Dragons Forever (1988)
Reviewed by: dragyn on 2001-05-03
Summary: Three Brothers Forever
"Dragons Forever" is a film that has it all: action, comedy, romance, and the three brothers (Jackie Chan, Yuen Biao and Samo Hung) working side by side in inimitable fashion. On the surface, this looks like an almost flawless masterpice of action Kung Fu.

However, if you look beneath the surface, there are more flaws than might first meet the eye. Many reviews have been written about the effortless interaction betweeen the three brothers; in actual fact, the moments during which they really interact with each other are sadly few and far between. Rather than sharing virtually equal screen-time (such as in "Wheels on Meals"), starring moments are in fact distributed between the brothers very unevenly indeed: Chan is the star, and virtually carries the whole production; Hung makes a solid but predictable foil for the whirlwind that is Chan; Biao is stuck with an uncharismatic role as a spotty, nerdy, weedy, neurotic geek. Of the three brothers, Biao is the only one who neither puts in a solid fight nor gets the girl; however, when he is given half a chance, his athletic and acrobatic talent shines brightly. Unfortunately, he seems to lack much of the weight and screen presence that Hung and Chan possess, despite the fact that he is arguably more physically talented.

The story itself is a slushy, sacharinne-sweet love-story, that is barely believable enough to string the amazing fights togather cohesively. There are soem good concepts and ideas, but they are not executed seriously enough to make any emotional impact - although that was most likely intended. Chan plays a lady-killing, case-busting, hard-hitting lawyer who falls in love with the woman he is prosecuting. Sadly, Chan is completely unable to portray the playboy-type character he supposed to be playing; but happily, he instead changes the reading completely, and gives it the full Jackie Chan treatment: big hair, big smile, big charm - and a complete buffoon to boot. But a loveable, appealing, strangely plausible buffoon.

Samo Hung's directing is, at this stage, not far removed from the simplistic, invisible style that Chan himself has stuck to over the years. There are not really any precursers here that show what he has since become; everything the camera touches is actually rendered quite flat and monotone. However, Hung does use some ideas and themes that Chan would never dream up: the strong element of love conquering all, for instance. The comedy is the same formulaic Hong Kong stuff, but Chan and Hung inject it with a charm of their own. Biao, however, does not seem so easy with the moments of comedy he must perform; a lot of his more "humourous" moments are, in fact, much more something to endure than to enjoy - rather like a visit to the dentist.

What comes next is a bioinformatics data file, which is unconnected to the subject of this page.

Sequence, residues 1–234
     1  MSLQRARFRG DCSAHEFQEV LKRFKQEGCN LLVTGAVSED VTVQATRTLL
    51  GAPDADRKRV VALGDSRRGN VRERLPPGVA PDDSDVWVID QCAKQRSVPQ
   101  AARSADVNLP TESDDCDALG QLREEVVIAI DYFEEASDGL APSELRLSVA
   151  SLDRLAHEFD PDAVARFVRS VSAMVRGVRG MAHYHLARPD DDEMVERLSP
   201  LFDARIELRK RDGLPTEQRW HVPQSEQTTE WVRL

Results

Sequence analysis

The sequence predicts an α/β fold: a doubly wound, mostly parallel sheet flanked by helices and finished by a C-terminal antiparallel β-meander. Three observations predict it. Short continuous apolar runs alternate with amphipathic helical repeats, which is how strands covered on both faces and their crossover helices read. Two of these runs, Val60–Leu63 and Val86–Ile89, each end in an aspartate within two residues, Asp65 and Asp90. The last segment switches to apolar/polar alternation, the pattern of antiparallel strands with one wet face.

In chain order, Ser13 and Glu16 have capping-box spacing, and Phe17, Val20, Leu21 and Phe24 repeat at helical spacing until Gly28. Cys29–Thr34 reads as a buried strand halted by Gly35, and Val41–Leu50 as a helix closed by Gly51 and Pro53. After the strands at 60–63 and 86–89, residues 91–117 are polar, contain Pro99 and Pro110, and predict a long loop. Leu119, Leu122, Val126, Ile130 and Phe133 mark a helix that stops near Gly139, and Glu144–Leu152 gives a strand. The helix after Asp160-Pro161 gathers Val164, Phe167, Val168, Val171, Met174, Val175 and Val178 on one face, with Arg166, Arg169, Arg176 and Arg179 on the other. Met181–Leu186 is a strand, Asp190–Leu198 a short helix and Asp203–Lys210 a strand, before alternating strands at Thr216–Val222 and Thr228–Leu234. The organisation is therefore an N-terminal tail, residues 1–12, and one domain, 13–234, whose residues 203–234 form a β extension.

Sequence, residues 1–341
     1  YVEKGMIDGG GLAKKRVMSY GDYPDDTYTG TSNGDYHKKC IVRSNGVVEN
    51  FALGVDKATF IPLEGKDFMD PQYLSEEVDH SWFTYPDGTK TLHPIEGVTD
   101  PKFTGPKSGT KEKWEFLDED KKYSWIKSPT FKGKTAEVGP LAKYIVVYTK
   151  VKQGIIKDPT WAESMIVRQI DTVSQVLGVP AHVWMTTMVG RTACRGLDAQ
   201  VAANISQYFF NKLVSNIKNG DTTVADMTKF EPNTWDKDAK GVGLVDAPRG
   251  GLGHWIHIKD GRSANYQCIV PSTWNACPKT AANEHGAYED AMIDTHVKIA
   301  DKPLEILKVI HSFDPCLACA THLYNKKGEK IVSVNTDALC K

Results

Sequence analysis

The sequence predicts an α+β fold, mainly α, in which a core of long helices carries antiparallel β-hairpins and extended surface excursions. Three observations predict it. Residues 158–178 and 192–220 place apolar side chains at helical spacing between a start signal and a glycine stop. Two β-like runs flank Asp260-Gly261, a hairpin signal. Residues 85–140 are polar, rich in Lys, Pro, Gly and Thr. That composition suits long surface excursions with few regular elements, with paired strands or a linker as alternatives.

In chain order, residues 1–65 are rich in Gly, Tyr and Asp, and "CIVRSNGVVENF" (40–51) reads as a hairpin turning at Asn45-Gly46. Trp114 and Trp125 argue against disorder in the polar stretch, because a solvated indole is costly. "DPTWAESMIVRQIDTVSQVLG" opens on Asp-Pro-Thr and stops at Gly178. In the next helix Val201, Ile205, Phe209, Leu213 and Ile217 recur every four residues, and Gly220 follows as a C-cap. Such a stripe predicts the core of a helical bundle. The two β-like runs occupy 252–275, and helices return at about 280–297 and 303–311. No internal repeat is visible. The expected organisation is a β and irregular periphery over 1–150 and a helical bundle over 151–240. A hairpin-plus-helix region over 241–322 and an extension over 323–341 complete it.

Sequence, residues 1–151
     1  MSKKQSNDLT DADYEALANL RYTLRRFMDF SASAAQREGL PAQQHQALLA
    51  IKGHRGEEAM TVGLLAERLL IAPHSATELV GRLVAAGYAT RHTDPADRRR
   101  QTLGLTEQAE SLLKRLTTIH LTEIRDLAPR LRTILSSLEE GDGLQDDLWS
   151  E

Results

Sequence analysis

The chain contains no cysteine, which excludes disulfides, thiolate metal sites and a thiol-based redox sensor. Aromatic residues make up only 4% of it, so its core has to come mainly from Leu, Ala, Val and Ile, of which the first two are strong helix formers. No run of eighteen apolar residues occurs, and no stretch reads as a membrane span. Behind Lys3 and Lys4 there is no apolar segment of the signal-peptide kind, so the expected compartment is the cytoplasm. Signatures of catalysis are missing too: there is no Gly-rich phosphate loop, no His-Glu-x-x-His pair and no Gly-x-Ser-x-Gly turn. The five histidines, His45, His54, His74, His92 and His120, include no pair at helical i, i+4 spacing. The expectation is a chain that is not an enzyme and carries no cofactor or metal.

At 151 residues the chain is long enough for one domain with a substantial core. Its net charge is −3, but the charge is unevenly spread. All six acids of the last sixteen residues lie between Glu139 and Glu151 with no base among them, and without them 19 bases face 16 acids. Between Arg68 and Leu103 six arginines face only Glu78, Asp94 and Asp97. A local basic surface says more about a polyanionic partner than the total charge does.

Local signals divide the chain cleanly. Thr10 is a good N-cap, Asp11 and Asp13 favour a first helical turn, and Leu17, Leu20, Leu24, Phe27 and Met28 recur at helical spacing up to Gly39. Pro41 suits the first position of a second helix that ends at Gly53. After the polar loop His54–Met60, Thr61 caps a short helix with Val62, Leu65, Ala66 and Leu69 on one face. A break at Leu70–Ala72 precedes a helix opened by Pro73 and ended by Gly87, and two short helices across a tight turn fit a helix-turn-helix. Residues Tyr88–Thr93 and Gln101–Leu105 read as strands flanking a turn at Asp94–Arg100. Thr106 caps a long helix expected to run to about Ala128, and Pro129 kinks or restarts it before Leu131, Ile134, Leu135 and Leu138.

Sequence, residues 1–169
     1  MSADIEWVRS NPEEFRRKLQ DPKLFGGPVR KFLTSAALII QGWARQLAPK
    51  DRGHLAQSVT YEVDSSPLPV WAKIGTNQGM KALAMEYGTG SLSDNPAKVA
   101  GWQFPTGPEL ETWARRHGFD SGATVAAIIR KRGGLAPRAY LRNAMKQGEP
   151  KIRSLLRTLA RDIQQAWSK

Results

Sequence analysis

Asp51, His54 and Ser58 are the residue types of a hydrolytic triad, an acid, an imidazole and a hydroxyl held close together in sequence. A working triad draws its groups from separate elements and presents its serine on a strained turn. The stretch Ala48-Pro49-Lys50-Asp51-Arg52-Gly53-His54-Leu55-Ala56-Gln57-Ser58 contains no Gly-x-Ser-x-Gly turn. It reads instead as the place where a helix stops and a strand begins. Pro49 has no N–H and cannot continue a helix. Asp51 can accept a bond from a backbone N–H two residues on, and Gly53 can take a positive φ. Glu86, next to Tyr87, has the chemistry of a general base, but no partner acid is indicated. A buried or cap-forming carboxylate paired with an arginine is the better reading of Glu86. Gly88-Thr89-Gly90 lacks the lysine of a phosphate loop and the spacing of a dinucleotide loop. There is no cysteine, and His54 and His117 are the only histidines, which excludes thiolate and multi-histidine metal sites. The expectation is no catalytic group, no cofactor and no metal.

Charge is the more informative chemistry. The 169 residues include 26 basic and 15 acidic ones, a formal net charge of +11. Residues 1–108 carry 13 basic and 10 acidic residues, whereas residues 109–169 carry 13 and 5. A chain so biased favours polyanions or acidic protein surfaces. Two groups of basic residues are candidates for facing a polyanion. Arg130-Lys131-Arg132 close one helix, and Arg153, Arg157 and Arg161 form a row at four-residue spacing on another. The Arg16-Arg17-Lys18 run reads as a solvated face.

The brothers may not interact enough - but when they do interact, the film is lifted to some higher sphere: for instance, the genuinely funny scene in which Chan is trying to stop Biao and Hung fighting and ends up getting hit himself; the classic moment where the three surly, bruised, battered brothers glower at the bar - drinking milk, for some reason; and lastly and most gloriously, the unforgettable fight between the three brother themselves. During this altercation, fists and insults fly, and they work so perfectly in harmony that you almost forget exactly how fast they are moving - but you don't forget for long.

The end fight re-matches Chan against the power-house that is Benny "The Jet" Urquidez (Chan fought him once before in "Wheels on Meals", during one of the greatest fights ever comitted to celluloid.). Certainly, it's a match well worth revisiting. This fight is only just inferior to their first, unmatchable pairing; this time, comedy is lacking, and Urquidez looks disconcertingly like a very unconvincing drag-queen. He has also aged and sagged dramatically. But when the fists start flying - who cares? It may not match the "Wheels on Meals" fight - but it's a close call. Yuen Biao choreographs, packing their punches with phenomonal power; he adds an edge of realisim that is very different to Chan's own, sometimes slap-stick-heavy choreography, but just as good. This stops Chan from looking too much like the buffoon he is known as, and more like a slick, mean, furious fighting machine.

In short, "Dragons Forever" holds some of the finest fights ever filmed - and it has enough going on to keep you awake between fights, too.